One of the key aspects of the modern space race that is gaining attention is the concept of space mining. With advancements in space technology, this initiative, once considered purely science fiction, is now a real possibility. As Earth’s natural resources become increasingly scarce, space offers a virtually untapped wellspring of valuable minerals and metals. Asteroids, moons, and planets are repositories of elements like platinum, rare earth metals, and even water, which is crucial for extended space missions.

The economic implications of space mining are enormous. The value of minerals and metals in a single asteroid can potentially run into trillions of dollars. This provides a compelling incentive for companies and governments to invest in space mining technologies. Space mining could lead to significant advancements in mining technology, possibly offering more sustainable and efficient ways to extract resources. These technologies might even find applications back on Earth, contributing to more environmentally friendly mining practices.

Despite its potential, space mining faces several challenges. Extracting resources in the harsh environment of space, with extreme temperatures and microgravity, requires highly advanced technology. More importantly, there is an ongoing debate about the legal framework governing the extraction of space resources. The Outer Space Treaty, for example, stipulates that no nation can claim sovereignty over celestial bodies, which raises questions about ownership and profit sharing.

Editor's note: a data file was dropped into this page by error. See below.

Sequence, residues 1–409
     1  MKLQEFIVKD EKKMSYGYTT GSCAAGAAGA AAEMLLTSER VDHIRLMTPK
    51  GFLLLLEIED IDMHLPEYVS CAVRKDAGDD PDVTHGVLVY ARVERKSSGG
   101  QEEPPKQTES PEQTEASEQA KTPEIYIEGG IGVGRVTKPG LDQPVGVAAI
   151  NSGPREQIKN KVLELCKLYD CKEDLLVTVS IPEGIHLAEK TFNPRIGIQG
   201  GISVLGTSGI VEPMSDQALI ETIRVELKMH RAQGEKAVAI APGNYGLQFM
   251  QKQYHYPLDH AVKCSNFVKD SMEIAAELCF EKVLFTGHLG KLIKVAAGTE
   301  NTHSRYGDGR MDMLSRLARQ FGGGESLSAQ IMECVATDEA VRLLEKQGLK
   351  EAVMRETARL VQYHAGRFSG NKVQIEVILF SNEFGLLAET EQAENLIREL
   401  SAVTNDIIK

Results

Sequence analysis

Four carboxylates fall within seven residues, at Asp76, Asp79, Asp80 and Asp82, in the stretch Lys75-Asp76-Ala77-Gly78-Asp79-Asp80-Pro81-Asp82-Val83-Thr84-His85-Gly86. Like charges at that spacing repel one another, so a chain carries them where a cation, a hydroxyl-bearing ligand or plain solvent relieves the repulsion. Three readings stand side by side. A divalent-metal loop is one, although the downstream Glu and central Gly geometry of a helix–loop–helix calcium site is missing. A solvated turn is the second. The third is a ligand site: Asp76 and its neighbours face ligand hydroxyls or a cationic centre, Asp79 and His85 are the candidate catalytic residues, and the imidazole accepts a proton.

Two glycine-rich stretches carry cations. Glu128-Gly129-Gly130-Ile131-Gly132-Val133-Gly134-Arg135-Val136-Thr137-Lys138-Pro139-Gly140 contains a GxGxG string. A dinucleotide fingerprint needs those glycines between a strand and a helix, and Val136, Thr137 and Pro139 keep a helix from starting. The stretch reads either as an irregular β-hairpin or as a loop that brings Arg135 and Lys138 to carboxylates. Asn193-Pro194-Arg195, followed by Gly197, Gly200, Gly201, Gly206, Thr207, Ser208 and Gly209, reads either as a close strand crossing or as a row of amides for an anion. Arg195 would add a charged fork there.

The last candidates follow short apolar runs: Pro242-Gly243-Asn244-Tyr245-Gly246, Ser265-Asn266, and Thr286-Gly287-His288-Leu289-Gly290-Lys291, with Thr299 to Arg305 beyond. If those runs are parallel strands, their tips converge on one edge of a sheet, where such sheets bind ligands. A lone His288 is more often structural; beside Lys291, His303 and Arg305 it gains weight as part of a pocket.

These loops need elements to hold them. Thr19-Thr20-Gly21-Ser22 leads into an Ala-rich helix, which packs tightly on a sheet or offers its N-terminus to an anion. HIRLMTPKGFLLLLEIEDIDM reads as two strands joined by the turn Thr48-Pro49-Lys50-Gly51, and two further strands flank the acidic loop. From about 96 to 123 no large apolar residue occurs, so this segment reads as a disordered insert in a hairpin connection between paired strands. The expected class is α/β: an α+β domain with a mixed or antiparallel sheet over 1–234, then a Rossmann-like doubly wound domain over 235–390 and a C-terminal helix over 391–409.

Incorporating space mining into our future space endeavours could redefine our approach to resource utilisation, both in space and on Earth.

However, as space exploration intensifies and the number of launches and satellites increases, the space industry will need to tackle the environmental impact. Addressing environmental concerns will become paramount, necessitating cleaner rocket technologies and improved methods for managing space debris.

The Future and Beyond

Looking to the future, the space race is set to enter a dynamic new phase. Plans are in place for establishing sustainable lunar bases and launching the first human mission to Mars, pushing the boundaries of our knowledge and testing our ability to inhabit extraterrestrial environments.

Concurrently, space tourism and commercial activities in orbit are becoming tangible realities, thanks to the efforts of companies such as SpaceX and Blue Origin.

This era will also witness significant technological innovations in propulsion, life support, and space habitats, potentially enabling deeper space exploration, including journeys to the outer planets.

However, as space exploration intensifies and the number of launches and satellites increases, the space industry will need to tackle the environmental impact. Addressing environmental concerns will become paramount, necessitating cleaner rocket technologies and improved methods for managing space debris.


The modern space race transcends its historical roots of competition, embodying the spirit of collaboration, innovation, and a unified vision for humanity’s future. It signals an era where space exploration and research are increasingly viewed as a common good, demanding robust international governance to ensure the equitable and sustainable use of space resources. As we venture into these new frontiers, space exploration becomes integral to our daily lives, not merely a distant pursuit. This evolution reflects a shift towards recognising space as a shared domain, requiring cooperative management to unlock its full potential for all of humanity.